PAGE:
And while Thurgood Marshall is without question a worthy subject of a film, "Marshall" is just a conventional court-room drama when all is said and done. Both Gad and Boseman are so good in it though, that you may forget that at times. Even cliches, when done well, can be entertaining. This select court case is such a small sample size of Marshall's impact on this country, however, that you'll leave feeling like you hardly know the man...and that you wish you knew more.
Genre: Biography, Drama. Run Time: 1 hour 58 minutes.
Starring: Chadwick Boseman, Josh Gad, James Cromwell, Kate Hudson, Sterling K. Brown, Keesha Sharp.
Directed by Reginald Hudlin ("The Ladies Man," "The Great White Hype," "Boomerang," "House Party").
It's a film that is no doubt ground-breaking and will stick with you for quite some time. "Loving Vincent" is the world's first fully painted animated film...yes, each of the film's 65,000 frames are actually canvas oil paintings, having used the same techniques that the famous Dutch artist Vincent Van Gogh became famous for. The filmmakers boast that over 115 painters were involved in the film's creation.
It's a stellar achievement. The story is somewhat of a crime who-dun-it, a special "Van Gogh" episode of "Law and Order," where a man is investigating the alleged suicide of Van Gogh and trying to figure out what made this man tick, and eventually crack. From this perspective, the film doesn't offer up anything special and you have to wonder whether or not you'd care about this story if it wasn't so mesmerizingly beautiful to look at. The answer is probably not. We learn more about Van Gogh in the titles that flash at the end of "Loving Vincent" than we do during the film's entirety. Yes, it might be impossible to ever get inside the mind of such a genius, but unfortunately for this one, there isn't much more than meets the eye. The good news is, what meets your eyes is unlike anything you've ever seen and worthy of acute admiration.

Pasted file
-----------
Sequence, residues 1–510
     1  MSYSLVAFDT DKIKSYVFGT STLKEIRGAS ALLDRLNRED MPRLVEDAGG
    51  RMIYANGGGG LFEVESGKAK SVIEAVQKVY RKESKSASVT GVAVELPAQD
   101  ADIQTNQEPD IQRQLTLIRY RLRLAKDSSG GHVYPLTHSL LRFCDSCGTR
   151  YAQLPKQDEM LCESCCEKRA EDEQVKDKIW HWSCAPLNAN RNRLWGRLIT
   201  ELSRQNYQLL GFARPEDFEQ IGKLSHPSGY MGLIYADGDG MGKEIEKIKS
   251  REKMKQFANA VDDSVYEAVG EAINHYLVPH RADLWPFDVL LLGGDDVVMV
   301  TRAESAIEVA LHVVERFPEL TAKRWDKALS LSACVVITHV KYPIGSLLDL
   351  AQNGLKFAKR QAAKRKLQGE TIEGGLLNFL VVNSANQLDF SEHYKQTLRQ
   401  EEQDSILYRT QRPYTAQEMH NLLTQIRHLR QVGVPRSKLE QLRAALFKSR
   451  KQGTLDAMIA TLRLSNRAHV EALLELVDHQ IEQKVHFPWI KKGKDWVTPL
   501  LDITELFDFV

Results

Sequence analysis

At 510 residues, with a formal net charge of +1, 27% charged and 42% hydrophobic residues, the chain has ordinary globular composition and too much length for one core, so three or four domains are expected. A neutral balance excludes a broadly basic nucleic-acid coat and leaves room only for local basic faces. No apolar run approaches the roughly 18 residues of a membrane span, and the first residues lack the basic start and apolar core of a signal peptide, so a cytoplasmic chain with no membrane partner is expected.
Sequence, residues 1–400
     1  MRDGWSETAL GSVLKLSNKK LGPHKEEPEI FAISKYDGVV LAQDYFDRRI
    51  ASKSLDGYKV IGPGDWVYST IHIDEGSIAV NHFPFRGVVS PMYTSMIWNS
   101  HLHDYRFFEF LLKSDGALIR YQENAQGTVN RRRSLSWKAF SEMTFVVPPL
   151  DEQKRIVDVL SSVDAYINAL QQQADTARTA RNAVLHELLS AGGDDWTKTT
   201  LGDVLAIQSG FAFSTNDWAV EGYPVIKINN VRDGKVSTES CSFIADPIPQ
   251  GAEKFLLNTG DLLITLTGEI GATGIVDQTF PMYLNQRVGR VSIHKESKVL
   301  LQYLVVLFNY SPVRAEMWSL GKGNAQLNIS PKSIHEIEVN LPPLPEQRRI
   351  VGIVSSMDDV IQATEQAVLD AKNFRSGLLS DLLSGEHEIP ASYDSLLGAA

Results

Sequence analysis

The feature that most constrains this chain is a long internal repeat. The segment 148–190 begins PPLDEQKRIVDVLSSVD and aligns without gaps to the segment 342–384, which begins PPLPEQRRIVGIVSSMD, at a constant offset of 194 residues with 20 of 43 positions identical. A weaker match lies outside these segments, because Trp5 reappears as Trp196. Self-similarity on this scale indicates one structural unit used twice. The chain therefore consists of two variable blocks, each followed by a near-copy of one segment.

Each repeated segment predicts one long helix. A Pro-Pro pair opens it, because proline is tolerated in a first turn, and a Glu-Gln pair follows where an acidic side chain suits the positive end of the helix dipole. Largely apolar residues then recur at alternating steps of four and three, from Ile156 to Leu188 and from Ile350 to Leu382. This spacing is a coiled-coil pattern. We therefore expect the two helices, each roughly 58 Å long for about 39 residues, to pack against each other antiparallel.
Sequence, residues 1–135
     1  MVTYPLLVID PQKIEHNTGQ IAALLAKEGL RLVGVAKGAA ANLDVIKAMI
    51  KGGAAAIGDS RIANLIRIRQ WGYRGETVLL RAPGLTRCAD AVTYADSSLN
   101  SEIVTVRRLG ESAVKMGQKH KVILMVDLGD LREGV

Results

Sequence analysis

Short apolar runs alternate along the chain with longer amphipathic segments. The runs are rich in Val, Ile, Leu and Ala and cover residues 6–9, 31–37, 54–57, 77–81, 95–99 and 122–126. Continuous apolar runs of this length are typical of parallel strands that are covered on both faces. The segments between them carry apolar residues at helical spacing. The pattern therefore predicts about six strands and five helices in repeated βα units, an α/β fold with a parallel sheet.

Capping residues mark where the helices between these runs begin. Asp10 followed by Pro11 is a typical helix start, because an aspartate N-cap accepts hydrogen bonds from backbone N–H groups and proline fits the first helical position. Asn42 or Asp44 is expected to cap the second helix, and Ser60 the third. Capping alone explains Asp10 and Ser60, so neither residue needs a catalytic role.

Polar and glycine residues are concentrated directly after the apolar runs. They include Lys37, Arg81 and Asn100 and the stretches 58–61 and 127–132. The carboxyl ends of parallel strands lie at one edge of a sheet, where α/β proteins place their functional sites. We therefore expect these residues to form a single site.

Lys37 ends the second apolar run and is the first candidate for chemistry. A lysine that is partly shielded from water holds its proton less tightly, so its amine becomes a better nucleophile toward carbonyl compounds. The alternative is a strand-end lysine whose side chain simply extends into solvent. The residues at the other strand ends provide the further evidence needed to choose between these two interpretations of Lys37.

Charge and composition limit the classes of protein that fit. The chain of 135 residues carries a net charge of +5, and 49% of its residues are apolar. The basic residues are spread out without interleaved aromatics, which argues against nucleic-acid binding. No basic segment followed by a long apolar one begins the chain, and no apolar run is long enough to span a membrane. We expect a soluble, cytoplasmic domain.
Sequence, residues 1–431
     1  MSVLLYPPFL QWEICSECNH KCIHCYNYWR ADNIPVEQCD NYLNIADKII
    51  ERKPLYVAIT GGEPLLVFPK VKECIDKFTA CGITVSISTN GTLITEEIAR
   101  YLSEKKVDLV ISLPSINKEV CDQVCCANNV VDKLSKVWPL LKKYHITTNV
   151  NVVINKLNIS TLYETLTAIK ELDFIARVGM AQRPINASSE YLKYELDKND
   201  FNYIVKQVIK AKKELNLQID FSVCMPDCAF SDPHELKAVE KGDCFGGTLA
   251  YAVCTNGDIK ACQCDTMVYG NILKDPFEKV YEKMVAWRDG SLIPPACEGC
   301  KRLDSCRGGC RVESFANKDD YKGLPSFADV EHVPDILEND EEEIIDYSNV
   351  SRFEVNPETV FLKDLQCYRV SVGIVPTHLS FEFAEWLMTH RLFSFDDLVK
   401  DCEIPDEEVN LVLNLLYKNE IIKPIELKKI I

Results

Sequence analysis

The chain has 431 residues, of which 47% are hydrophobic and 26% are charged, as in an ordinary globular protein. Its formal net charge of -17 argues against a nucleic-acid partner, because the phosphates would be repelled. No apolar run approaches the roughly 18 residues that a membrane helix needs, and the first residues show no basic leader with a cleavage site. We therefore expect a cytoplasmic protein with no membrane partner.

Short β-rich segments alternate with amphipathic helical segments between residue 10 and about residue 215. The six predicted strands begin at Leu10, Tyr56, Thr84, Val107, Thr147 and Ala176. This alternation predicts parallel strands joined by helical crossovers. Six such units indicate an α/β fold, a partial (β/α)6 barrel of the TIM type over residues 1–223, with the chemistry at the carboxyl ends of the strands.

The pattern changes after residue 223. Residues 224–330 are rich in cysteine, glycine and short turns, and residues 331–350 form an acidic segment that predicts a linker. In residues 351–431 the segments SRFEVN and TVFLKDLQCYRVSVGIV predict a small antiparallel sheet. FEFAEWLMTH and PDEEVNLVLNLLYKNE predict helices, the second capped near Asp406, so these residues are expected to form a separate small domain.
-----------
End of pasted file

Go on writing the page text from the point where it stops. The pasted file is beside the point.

Genre: Animation, Biography, Crime. Run Time: 1 hour 34 minutes.
Starring: Douglas Booth, Josh Burdett, Holly Earl, Chris O'Dowd, Anastazja Seweryn.
Written and Directed by Dorota Kobiela and Hugh Welchman ("The Flying Machine").
Death comes to us all, as it sadly did for actor Harry Dean Stanton just last month. Lucky for us, he left us with "Lucky", an absolute tour de force for the late character actor and amazingly only one of two leading roles spanning his 60+ year career.
You have to imagine that Stanton is his character, a loner known as Lucky. Having passed age 90, Lucky is a man who exists in routine...he wakes up every morning and does the same yoga stretches, makes the same long walk into town and sits at the same seat at the local diner, where he knows everybody and everybody knows him. After a fall, his doctor (Ed Begley Jr.) tells him that he's "old, and getting older." Despite smoking multiple packs a day and still being alive at his age, Lucky has no family, no true friends, just the people he knows from town and from the local bar (one of which is played by real-life friend of Stanton's, director David Lynch). He wants to go fisticuffs when a life insurance salesman (Ron Livingston) tells him he should think about getting his affairs in order.